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Wladimir Kaminer is confronted with many questions in Germany. In an interview with DW reporter Zhanna Nemtsova, the writer talks about Vladimir Putin's propaganda and how Russian speakers living in Germany feel.
DW: Mr. Kaminer, why do you only write in German?
Wladimir Kaminer: I have been living in Germany for a long time - for 27 years. The general public here does not understand other languages. It would be strange if I, someone living in Germany, communicated with the German public in another language.
In February of this year, your new book "Goodbye, Moscow" was released on the 100th anniversary of the October Revolution. What is the most important message in your book?
After the annexation of Crimea, I was suddenly asked many questions. I was invited to interviews and congresses. I began giving lectures on subjects like "What is going on in Putin's mind?" or "What has come over Russia?" or "Where did we go wrong?" It was as if this whole slew of questions that had been unleashed on Europe was suddenly directed at me. When I began to think about them, I noticed that a deeply human tragedy was concealed behind all these allegedly political events. It is strange. Many people are suspended between the past that they have not wanted to deal with and a future that has somehow already taken place for them. That means the Soviet Union, which in reality of course has not disappeared, was, strictly speaking, this future. For 70 years, people were building a future that itself was only concerned with the future. Thus they forgot the present and turned a blind eye to the past. Now, during this "anniversary" year, I keep hearing, "This is our mutual past." But there is no mutual past. Everyone has their own.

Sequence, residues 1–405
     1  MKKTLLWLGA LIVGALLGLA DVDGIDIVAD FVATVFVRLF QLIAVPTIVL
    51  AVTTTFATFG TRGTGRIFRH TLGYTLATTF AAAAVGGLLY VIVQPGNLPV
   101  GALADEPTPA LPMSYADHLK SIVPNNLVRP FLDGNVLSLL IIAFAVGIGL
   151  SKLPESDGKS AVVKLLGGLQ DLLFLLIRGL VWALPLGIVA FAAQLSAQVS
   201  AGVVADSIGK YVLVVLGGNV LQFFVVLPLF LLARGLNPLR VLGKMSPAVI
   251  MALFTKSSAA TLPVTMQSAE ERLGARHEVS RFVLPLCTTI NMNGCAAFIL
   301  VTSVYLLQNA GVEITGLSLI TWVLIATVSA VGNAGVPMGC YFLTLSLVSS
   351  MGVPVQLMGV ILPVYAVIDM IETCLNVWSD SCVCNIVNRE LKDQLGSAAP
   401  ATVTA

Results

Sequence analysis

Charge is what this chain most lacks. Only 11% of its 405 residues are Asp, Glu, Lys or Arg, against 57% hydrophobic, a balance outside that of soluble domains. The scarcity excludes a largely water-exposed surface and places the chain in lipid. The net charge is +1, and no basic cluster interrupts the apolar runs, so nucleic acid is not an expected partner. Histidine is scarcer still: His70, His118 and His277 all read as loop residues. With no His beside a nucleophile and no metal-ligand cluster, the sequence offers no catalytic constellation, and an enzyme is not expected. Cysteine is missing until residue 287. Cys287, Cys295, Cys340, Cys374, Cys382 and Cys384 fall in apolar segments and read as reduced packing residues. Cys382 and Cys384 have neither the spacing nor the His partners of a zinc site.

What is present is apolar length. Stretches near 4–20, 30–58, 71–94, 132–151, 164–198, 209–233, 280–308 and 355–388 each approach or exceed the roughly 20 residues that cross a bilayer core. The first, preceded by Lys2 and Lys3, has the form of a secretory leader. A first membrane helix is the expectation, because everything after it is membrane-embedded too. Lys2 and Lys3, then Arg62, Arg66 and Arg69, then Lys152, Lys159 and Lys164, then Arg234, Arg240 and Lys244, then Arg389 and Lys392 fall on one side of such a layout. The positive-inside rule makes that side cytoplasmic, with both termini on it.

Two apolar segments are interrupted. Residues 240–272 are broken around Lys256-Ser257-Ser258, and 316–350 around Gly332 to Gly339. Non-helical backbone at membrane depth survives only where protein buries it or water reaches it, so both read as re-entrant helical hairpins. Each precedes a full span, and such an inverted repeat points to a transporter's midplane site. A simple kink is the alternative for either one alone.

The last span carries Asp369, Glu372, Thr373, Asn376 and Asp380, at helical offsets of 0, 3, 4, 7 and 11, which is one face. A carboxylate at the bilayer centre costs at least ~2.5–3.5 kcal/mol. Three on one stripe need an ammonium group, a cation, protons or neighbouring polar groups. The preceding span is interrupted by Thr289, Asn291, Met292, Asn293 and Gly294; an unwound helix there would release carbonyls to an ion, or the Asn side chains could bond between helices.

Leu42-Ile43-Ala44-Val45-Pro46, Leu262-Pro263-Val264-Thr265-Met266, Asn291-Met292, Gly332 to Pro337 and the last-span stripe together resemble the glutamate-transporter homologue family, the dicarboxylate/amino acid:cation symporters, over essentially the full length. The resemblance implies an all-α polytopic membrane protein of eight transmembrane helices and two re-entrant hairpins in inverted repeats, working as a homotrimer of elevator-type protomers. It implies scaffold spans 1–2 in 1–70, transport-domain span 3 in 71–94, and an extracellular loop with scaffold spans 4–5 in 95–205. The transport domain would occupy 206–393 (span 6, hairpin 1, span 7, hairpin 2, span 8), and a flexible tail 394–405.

One often hears that many Russian speakers in Germany are fond of President Vladimir Putin and his policies.
The people who come to see me of course do not like Putin.
That is obvious. And what about the ones who do not go to see you?
The ones who do not like Putin do not like to talk about it. Of course, his propaganda works here in Germany too and it is obviously geared towards the Russian-speaking population here. On the Russian social network Vkontakte and websites for Russian speakers living in Germany - where many wonderful things are put up for sale, like at a flea market, or even given away for free - I have often seen political news that appears every 20 minutes. They all come from the same source.
The refugee crisis in 2015 was a turning point here. Russian speakers started getting involved in German politics. What worries them?
The refugees from Syria have replaced Russian-speaking people. Before that, Russian-speaking people in Germany were the foreigners and refugees, if you like - in any case, strangers and newcomers. But after the wave of the latest newcomers, the Russian speakers are no longer foreigners. They are no longer newcomers but instead, locals. As such, they are of course, now spreading their own ideas about political life, civic responsibilities and what should or should not be happening in Germany. That is exactly what is going on. But I am convinced that it was not like an allergic reaction to the refugees. There is a shift in societal classes. Time has gone by and Russian-speaking people have settled in here.
If you wrote a book in Russian, what would it be about?
I would write a book about wondrous things. There is a widespread belief that everything produced in the Soviet Union was actually manufactured as a military product. The refrigerators and the TVs - the country itself no longer exists and the design plans have disappeared but the appliances still work. But nobody knows why. Why are there such refrigerators? Were they designed to be atomic bunkers? In the case of nuclear war should they - filled of some sort of red mercury or fuel as one has heard - explode at a certain moment and tear down the houses of people with food supplies? It would be a book about unknown things.
Wladimir Kaminer was born in 1967 in Moscow. He has been living in Berlin since 1990. He considers himself to be privately a Russian and professionally a German writer. Kaminer spends most of his time on the road giving readings and lectures.